This time last year, I was busy moving house to my new STP training location. Needless to say, I was excited about joining the program and to meet my training department. Not even the extra shots of vaccinations I had to get were going to dampen my spirits. This was to be my first job in the NHS and that itself has always been one of my biggest motivations for applying for the STP. I wanted to develop my scientific knowledge and experience and apply them to benefit patients directly.Continue reading “STP Reflections | Year 1 | Clinical Pharmaceutical Science”
The good start I was hoping for on Monday morning didn’t quite come into fruition. But, it wasn’t a total disaster. The job hadn’t failed or been killed, it just hadn’t finished running yet. Which was fine… except I wasn’t sure exactly how long things were allowed to run until they were killed by the job scheduler. I’d heard ~2 and a half days, and as the clock approached almost 3 days of run time I started to get very nervous, especially since the log files were indicating that the jobs were only about 65% complete (turns out it took 5 days but it was allowed to continue running so I’m taking that as a win).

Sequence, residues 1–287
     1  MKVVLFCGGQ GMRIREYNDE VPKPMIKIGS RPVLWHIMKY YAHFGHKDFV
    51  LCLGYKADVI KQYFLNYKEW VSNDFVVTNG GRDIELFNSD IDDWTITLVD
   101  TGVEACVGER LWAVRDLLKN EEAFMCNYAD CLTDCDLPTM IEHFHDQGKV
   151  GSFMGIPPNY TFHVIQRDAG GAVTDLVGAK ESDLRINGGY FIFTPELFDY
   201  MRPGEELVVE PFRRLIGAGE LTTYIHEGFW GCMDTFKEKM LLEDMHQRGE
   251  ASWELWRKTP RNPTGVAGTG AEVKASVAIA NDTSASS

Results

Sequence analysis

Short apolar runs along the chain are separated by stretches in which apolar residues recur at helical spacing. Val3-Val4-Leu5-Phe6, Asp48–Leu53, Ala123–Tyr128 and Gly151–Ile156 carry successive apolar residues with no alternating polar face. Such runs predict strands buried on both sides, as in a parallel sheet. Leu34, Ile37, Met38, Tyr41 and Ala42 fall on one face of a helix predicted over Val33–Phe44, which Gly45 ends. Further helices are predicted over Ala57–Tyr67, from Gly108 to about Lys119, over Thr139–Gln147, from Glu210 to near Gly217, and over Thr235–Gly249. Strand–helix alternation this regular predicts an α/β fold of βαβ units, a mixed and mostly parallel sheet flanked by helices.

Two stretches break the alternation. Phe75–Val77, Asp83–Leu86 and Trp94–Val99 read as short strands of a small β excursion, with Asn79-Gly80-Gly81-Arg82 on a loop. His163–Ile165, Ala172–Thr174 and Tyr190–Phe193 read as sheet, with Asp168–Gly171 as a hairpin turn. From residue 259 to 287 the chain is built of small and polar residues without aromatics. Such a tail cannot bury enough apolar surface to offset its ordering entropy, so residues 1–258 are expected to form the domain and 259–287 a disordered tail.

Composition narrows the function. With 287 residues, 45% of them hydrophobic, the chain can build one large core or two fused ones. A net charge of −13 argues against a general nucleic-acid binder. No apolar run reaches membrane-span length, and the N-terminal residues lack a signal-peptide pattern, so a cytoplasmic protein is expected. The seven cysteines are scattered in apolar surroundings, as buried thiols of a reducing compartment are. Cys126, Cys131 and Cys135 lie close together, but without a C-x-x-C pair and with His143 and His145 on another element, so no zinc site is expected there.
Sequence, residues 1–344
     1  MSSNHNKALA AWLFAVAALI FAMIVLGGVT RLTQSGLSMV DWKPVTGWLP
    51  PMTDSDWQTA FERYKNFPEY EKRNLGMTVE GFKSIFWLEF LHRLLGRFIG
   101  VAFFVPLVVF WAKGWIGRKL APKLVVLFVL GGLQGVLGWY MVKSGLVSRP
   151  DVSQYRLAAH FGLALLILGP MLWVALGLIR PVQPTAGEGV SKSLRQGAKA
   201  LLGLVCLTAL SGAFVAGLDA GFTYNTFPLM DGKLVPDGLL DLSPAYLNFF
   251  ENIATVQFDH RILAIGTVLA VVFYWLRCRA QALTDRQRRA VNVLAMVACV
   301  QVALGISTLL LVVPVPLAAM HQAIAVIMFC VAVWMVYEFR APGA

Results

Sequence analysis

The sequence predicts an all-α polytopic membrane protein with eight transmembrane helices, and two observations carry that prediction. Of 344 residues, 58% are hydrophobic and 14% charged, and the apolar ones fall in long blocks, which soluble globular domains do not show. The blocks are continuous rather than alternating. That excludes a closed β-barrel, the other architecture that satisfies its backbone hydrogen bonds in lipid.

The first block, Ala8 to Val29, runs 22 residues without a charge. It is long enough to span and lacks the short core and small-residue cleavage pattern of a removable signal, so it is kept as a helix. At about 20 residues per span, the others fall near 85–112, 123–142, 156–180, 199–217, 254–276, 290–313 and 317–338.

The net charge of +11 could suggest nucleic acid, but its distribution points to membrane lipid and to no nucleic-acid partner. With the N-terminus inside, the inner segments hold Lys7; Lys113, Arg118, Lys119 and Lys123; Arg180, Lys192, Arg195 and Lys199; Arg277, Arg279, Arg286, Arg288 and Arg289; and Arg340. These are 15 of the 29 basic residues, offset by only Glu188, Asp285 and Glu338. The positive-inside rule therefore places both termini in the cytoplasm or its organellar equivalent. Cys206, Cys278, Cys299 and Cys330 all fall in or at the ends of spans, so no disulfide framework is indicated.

As many new trainees will have just completed or shortly be starting their first stint at their respective universities, Ang Davies, a senior lecturer on the clinical bioinformatics teaching pathway, takes a look at that pathway and how clinical bioinformatics as a profession has developed over the past 7 years. From the first year of training where the entire profession was practically founded, to the breakthrough that is routine genomic testing across England, who better to reflect on that journey than someone who helped pave the way?